BCIU CEO Peter Tichansky,
Distinguished Ladies and Gentlemen,
Good evening and greetings to our many honored guests from the Ghanaian government, the business community, and our the Embassy.
I want to thank the Business Council for International Understanding for bringing us together this week. Since its creation in 1955 at the initiative of President Eisenhower, BCIU has helped to foster ties between U.S. businesses and governments to promote understanding and partnerships around the world.
Tomorrow’s BCIU Competitiveness Forum is actually the third such forum in Ghana — the last was in 2013 — and I think this is a great time to renew the discussion on competitiveness, as the government embarks upon reforms with the goal to make Ghana the most investment and business-friendly country in Africa.
As President Akufo-Addo has often said, the importance of private sector-led growth to the development of Ghana’s economy is essential. We have dozens of companies represented here tonight, who operate in many key sectors in Ghana. The innovative, high-quality goods and services that your companies sell are highly valued in this market. For Ghanaians, American companies symbolize a commitment to quality, service, corporate responsibility, and strong ethics that is associated with our national character. One of our challenges is to emphasize quality, noting that cedi for cedi, our pricier goods may last twice as long as lower priced competitors’.
As Ghana rightfully seeks to move beyond aid towards self-sufficiency through industrialization, enhanced agricultural production and value-added processing, the engagements and investments of companies like yours will be critical. President Akufo-Addo and his leadership team have certainly expressed their openness to welcome you here. Governments help create the conditions that give businesses and innovators the space to take risks and become engines of economic growth and job creation.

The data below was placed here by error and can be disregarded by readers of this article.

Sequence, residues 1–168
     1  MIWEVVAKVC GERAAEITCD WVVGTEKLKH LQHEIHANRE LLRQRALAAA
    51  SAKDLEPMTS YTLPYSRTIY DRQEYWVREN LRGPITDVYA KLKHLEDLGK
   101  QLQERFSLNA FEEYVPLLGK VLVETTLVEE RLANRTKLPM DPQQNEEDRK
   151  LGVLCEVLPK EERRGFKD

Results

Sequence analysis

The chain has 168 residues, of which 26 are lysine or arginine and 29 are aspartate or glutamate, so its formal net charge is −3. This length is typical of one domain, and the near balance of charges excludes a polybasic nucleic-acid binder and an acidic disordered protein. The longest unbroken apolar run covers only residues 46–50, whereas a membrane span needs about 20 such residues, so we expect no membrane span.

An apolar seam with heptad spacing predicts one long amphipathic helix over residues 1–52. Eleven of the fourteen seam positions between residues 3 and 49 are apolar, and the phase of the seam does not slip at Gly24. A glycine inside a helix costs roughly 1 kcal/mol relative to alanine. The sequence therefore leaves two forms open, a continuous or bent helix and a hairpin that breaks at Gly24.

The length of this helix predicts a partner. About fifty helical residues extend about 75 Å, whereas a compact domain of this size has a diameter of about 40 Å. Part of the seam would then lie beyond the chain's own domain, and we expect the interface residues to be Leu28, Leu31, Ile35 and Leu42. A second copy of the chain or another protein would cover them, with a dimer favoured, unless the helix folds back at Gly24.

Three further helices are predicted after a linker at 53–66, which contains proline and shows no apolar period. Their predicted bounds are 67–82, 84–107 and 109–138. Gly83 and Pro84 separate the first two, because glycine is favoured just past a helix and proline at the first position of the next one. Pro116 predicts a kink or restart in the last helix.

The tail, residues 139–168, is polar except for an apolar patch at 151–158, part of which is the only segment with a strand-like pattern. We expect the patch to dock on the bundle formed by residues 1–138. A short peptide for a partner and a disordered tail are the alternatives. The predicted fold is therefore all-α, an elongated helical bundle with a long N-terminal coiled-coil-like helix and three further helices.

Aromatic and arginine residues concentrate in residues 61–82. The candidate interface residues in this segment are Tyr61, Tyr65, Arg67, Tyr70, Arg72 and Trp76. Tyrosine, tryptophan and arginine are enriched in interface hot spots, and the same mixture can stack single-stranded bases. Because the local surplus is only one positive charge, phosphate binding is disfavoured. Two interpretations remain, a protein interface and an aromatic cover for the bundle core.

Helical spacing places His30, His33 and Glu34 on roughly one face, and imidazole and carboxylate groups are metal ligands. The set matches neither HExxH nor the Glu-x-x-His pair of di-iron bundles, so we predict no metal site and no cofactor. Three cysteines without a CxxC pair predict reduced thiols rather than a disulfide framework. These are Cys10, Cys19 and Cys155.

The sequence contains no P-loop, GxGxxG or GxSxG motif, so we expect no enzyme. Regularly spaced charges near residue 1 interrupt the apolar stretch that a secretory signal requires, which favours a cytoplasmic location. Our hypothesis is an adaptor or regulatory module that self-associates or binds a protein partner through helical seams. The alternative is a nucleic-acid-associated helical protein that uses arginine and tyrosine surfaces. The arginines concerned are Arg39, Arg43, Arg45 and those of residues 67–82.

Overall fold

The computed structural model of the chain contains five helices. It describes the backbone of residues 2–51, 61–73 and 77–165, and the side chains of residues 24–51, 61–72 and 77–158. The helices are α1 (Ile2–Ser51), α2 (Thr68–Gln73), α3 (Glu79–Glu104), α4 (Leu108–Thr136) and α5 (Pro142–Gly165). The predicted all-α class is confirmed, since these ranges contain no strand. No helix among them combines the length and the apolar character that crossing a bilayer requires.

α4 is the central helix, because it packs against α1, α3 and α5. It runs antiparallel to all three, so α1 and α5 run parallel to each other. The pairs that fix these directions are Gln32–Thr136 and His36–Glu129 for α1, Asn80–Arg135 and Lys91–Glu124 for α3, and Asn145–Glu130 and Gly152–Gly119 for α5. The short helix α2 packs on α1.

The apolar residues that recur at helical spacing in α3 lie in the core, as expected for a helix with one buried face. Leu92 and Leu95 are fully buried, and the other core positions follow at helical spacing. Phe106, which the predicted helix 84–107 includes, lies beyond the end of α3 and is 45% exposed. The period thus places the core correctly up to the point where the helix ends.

President Akufo-Addo’s administration is taking steps to improve the ease of doing business and incentivize investment. The government has made some progress in the areas of providing needed tax relief, providing support for entrepreneurship, and reforming customs clearance processes at the ports. We look forward to continued reforms that will improve infrastructure, strengthen dialogue with the private sector, and increase transparency.
As we look to the BCIU Competitiveness Forum tomorrow morning, I encourage all of us to work together to tackle key challenges, brainstorm on ways the private sector can support government initiatives and private sector initiatives the government can support, and find effective solutions that will strengthen Ghana’s image as an attractive destination for investments.
Through a unified effort, we can address remaining challenges and truly demonstrate that Ghana is indeed open for business. I look forward to the day — not too far in the future — when we will witness a Ghana with a steady, fast growing economy; a transparent and predictable business environment; and flourishing trade that creates growing numbers of needed jobs for Ghanaians and Americans alike. By working together, we can make our common vision a reality for the benefit of future generations of Ghanaians – especially the youth – so they may invest in their future at home, contributing to their communities, nation, and the world we all share. When Ghana prospers, the United States and the world also prosper.